A Drop down list is helpful in giving users a pre-defined list of options to select from.

Drop down lists are used in many website or app programs. It can be used to fill forms, surveys or in creating interactive Excel dashboards.

In this tutorial, you’ll learn the steps to follow in creating a drop down list in Excel and what it can be used for. The steps will take only a few seconds to complete.

This Tutorial will cover the following topics:

#1. How to Create a Drop-down List in Excel

a. Making use of Data from the Cells

b. Imputing the Data Manually

c. Making use of Excel’s OFFSET Function

#2. How to Create a Dynamic Drop-down List in Excel Using the Offset Function

#3. How to Copy & Paste a Drop-down List in Excel

#4. The Important Risks to Avoid When Working with Drop-down List in Excel

#5. How to Select All The Cells With a Drop-down List in a Worksheet

#6. How to Create a Dependent / Conditional Drop-down List in Excel

#1. How To Create a Drop Down List In Excel

In this section, we will go through the steps to create a drop down list in Excel.

There are three ways we can do this. They are:

  1. Making use of data from the cells
  2. Imputing the data manually
  3. Making use of Excel’s OFFSET function.

#a. Making Use of Data from The Cells

You can create a drop down list in Excel using the data you have in your worksheet.

Let’s say you have a list of countries as shown below and you want to create a drop down list for the same items listed.

Here are the steps to be followed.

             #1. Select a cell location you want to insert the drop down list.

             #2. Click on ‘Data’ tab

    #3. Click on Data Tools -> Data Validation

            #4. In the Data Validation dialog box, click on ‘Settings’ and select ‘List’ from the drop-down menu

Immediately you select ‘List‘, the ‘Source field’ box will appear.

    #5. In the Source field, enter the formula:

          =$A$2:$A$9

         Or

you can use your mouse to select the cells after you click in the source field.

        #6. Confirm that the ‘In-cell dropdown’ box is checked.

It is usually checked by default. If it is not checked, the cell will not show a drop down.

       #7. Click Ok.

This will insert the list in the chosen cell location as shown above. In this case, cell C1 is chosen.

It is also possible to create drop down lists in multiple cells at the same time at one go.

To do this, you will select all the cells you want the drop-down to be located and follow the same steps above. Just make sure that you include the dollar sign to the cell references to make it absolute like this: ($B$1) and not relative like here: (B2 or $B2 or B$2).

 #b. Imputing The Data Manually

The values in the list can also be entered manually.

In the example above, the cell reference was entered in the Source Field by selecting the cell range of the listed items.

However, you may decide to add the items directly by imputing the items manually in the source field.

So if for example, we want to display a binary option of ‘True and False’ in the drop-down list, this is how we can do it.

         #1. Select the cell you want to insert the drop down list. In this case, we use cell C14.

  #2. Click on ‘Data’ tab -> Data Tools -> Data Validation

         #3. In the Data Validation dialog box, click on ‘Settings’ tab and select ‘List’ from the ‘Validation criteria’ drop-down menu.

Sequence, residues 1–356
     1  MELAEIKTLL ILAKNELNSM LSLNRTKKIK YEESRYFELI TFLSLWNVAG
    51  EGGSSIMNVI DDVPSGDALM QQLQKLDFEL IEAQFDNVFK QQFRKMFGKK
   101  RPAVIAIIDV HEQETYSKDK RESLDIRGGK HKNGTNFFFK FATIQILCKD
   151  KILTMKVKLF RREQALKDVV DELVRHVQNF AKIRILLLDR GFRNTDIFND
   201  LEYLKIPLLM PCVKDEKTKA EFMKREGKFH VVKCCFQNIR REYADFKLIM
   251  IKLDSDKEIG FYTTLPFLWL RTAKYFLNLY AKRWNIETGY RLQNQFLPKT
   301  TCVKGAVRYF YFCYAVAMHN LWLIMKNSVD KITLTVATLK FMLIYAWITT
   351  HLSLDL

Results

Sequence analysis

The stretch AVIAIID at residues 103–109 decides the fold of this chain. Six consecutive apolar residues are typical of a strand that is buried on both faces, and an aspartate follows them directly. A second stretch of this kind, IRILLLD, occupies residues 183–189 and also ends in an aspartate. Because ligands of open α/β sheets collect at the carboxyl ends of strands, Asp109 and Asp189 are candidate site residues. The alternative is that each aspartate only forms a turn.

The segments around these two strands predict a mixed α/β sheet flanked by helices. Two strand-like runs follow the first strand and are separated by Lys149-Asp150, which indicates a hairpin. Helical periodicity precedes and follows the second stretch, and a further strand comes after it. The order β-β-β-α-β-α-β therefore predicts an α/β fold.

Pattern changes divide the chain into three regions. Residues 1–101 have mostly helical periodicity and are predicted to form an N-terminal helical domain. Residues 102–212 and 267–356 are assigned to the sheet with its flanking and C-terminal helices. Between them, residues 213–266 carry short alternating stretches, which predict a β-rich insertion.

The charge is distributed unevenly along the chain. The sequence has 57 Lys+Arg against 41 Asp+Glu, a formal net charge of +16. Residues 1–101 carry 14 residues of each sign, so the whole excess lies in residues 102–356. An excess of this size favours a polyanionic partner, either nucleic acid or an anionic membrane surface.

Again, immediately the source field will appear.

          #4. In the Source field, enter the formula True, False.

          #5. Confirm that the ‘In-cell dropdown’ is checked.

            #6. Click Ok.

Now, we have a drop-down list in the selected cell with all the items listed in the source field. The items are separated by a comma which allows the items to be listed in different lines.

    #c. Making Use of Excel’s OFFSET Function

Another way to create a drop-down list in Excel is by using a formula in source field.

The OFFSET function in Excel allows you to create a drop-down list. It returns a list of items from a selected cell range. In this example, the selected range is A2:A9).

The OFFSET function uses the syntax below:

         =OFFSET(reference, rows, cols,[height], [width])

The OFFSET function takes five arguments, where ‘Reference’ is the starting point of the cell range of the list. The ‘Rows and Columns’ are specified as 0 and the Height specified is the number of elements in the list.

So for example, if you have a list of countries, here is how to create a drop down list in Excel like the one above, using the OFFSET function.

     #1. Select the cell you want to insert the drop down list. In this example, we will use cell C1.

     #2. Click on Data tab -> Data Tools -> Data Validation

     #3. In the Data Validation dialog box, click on ‘Settings’ tab and select ‘List’ from the ‘Validation criteria’ drop-down menu.

And again, the source field will appear immediately.

     #4. In the Source field, enter the formula:

               =OFFSET($A$2,0,0,8)

     #5. Confirm that the ‘In-cell dropdown’ box is checked.

     #6. Click Ok.

Now, this formula returns an array of list of the eight countries in cells A2:A9.

If you want to see the array of countries listed, you can enter the formula in a cell, select it and press F9. It will return an array of the countries.

#2. How To Create a Dynamic Drop down List in Excel

In this section, look at how a dynamic drop down list can be created. And this can be done using again, Excel’s OFFSET function.

By using the OFFSET formula, you can also extend this technique to create a more dynamic drop down list.

If you study the example above, you will notice that the OFFSET formula used in the above example does not update the list when any additional item is added to the list. The list will need to be updated manually each time a new item is added or removed from the list. 

But by making it dynamic, it will update any item added to the list automatically.

To create a drop down list that is dynamic, you will need to tweak the formula a bit. And here is how to do that.

     #1. Select the cell you want to insert the drop down list. In this example, we will use cell C1.

     #2. Click on ‘Data’ tab -> Data Tools -> Data Validation

     #3. In the Data Validation dialog box, click on ‘Settings’ tab and select ‘List’ from the ‘Validation criteria’ menu.

As usual, the source field will appear immediately.

     #4. In the Source field, enter the formula:

        =OFFSET($A$2,0,0,COUNTIF($A$2:$A$100,”<>”))

    

#5. Confirm that the ‘In-cell drop down’ is checked.

     #6. Click Ok.

What we have here is a drop down list of all the items in column A. If you add or remove any item from the list in column A, it will be automatically added or removed from the list as shown below:

Here, Saudi Arabia, China, Sweden and Kenya have been added to the list and updated in the drop down list as well.